King Floyd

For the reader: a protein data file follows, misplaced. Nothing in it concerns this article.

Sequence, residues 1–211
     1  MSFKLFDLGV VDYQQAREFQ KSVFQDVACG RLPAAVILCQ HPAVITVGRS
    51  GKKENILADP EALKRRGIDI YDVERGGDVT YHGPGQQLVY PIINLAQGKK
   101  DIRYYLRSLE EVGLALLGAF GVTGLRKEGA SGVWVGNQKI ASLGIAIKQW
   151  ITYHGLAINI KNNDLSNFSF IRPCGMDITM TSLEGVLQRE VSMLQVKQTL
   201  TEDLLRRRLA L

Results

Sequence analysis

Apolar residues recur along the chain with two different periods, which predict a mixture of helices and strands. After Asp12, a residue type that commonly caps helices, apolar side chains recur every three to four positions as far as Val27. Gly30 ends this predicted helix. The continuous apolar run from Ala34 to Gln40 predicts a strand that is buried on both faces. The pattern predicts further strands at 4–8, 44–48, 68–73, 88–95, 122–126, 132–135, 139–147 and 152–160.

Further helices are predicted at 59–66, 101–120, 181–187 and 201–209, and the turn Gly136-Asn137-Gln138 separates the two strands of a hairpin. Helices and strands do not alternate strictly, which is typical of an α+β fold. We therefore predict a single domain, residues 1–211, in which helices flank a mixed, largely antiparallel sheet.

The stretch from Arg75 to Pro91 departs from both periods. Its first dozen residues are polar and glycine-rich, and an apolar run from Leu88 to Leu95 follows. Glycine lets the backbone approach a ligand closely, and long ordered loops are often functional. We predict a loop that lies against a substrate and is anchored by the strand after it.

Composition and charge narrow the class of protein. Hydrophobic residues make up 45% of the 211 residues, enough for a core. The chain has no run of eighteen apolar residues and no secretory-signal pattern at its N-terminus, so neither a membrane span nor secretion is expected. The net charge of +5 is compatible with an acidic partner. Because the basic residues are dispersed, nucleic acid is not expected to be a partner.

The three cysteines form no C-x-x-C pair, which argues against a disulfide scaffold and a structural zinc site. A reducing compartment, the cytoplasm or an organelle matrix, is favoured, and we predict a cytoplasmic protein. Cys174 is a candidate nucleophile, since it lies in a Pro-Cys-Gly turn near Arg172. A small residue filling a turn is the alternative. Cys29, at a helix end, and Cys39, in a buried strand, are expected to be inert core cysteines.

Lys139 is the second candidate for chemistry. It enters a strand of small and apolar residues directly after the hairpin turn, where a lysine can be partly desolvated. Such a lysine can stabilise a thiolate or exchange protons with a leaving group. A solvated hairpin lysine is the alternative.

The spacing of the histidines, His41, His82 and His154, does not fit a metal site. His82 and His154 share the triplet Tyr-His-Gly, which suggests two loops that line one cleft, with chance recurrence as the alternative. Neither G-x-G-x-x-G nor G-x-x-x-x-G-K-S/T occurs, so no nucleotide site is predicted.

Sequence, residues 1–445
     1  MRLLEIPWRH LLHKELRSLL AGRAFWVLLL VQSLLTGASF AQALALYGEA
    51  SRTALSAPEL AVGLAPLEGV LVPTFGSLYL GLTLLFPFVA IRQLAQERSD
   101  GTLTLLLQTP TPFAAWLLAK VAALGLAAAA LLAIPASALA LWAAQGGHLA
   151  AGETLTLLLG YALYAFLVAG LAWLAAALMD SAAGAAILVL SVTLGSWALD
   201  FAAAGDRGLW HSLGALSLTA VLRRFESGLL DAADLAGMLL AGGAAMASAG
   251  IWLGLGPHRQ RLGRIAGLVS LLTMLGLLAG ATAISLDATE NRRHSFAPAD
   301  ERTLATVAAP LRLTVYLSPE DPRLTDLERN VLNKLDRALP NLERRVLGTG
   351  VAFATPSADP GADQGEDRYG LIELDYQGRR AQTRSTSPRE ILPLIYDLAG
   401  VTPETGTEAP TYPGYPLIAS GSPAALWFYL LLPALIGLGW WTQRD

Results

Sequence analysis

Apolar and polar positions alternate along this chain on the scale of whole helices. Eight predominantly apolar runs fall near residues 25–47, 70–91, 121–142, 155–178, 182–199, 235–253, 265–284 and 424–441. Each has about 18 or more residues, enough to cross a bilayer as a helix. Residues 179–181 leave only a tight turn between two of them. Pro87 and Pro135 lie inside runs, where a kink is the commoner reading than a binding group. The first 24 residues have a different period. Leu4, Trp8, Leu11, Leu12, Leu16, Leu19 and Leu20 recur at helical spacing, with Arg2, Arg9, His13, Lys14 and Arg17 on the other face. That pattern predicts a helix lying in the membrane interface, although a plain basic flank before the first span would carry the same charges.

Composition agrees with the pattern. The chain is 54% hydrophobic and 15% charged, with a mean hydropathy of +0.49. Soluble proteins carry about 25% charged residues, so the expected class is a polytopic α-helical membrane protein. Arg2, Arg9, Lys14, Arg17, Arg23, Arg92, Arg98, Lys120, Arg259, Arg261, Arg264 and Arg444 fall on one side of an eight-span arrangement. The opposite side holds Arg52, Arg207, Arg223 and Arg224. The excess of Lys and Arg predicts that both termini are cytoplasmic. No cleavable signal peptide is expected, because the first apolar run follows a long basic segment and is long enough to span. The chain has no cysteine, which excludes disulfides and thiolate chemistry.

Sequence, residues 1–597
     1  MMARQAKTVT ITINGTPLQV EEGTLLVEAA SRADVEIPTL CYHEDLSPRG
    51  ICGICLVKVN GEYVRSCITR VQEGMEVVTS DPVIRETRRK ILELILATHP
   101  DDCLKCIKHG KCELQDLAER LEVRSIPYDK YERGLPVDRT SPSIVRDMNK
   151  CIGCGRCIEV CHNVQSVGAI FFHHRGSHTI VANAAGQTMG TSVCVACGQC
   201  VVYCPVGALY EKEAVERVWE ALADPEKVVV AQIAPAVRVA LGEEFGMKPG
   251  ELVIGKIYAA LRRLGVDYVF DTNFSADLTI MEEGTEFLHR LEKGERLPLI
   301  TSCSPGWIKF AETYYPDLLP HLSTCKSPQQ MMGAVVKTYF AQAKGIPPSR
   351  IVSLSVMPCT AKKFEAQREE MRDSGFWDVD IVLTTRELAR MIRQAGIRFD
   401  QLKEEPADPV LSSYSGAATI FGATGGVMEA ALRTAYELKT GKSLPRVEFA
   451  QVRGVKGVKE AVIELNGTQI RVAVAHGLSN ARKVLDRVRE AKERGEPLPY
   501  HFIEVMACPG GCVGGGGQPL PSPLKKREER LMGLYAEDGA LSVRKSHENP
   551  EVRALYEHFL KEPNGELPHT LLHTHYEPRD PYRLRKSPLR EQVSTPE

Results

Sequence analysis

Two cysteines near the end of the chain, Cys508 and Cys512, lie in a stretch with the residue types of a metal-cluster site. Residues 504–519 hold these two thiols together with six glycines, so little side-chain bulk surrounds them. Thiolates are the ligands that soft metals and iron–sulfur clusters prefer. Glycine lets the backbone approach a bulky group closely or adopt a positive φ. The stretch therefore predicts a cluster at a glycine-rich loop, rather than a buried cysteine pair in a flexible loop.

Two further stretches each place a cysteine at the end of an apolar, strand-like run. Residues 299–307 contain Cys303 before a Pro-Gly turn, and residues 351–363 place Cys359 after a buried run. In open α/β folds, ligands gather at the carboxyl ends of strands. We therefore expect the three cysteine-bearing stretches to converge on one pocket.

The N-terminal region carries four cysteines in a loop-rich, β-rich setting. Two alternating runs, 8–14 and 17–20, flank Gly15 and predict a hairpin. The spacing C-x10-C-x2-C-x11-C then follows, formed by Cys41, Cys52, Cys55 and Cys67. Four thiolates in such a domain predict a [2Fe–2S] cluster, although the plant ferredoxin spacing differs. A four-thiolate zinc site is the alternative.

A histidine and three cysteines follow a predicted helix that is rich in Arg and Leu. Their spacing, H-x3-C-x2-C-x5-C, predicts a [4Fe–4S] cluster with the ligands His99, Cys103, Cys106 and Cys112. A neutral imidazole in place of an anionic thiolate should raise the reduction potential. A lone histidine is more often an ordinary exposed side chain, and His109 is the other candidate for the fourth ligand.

Born in New Orleans, Louisiana, on February 13, 1945, King Floyd scored a Number 1 R&B hit in the 1970s, when "Groove Me" dominated the radio in both America and the U.K. Floyd began singing on street corners as a teenager, eventually graduating to proper shows on Bourbon Street. After serving two years in the army, he spent much of the 1960s living in both New York City and Los Angeles, releasing his 1967 debut, King Floyd: A Man in Love, along the way. Album sales were poor, and a cash-strapped Floyd ultimately headed back to New Orleans in 1969. There, he found a mentor in Wardell Quezergue. At Quezergue's recommendation, Floyd headed to Mississippi in May 1970 to record "Groove Me" in a single take, during the same recording session in which Jean Knight recorded her own hit, "Mr. Big Stuff." Rooted in a mix of R&B, soul, and Crescent City funk, "Groove Me" enjoyed immediate airplay on New Orleans radio, which earned King Floyd the attention of Atlantic Records. With Atlantic now distributing the single to national and international markets, "Groove Me" became a gold-selling crossover hit the same year it was recorded, peaking at Number 1 on the American R&B chart, Number 6 on the Billboard Hot 100, and Number 41 in England. Another hit, "Baby Let Me Kiss You," peaked at Number 29 on the American Top 40 one year later. 1973's Think About It and 1975's Well Done failed to Floyd's commercial success, and he only performed sporadically throughout the rest of the century. Meanwhile, his music continued to be championed by other artists, with Shaggy sampling "Baby Let Me Kiss You" for the 1995 blockbuster single "Boombastic" and Wu-Tang sampling his song "Don't Leave Me Lonely" for Wu-Tang Forever's "For Heaven's Sake." Floyd later reunited with his original label, Malaco Records, for his final album, 2000's Old Skool Fund, and passed away on March 6, 2006 at 61.

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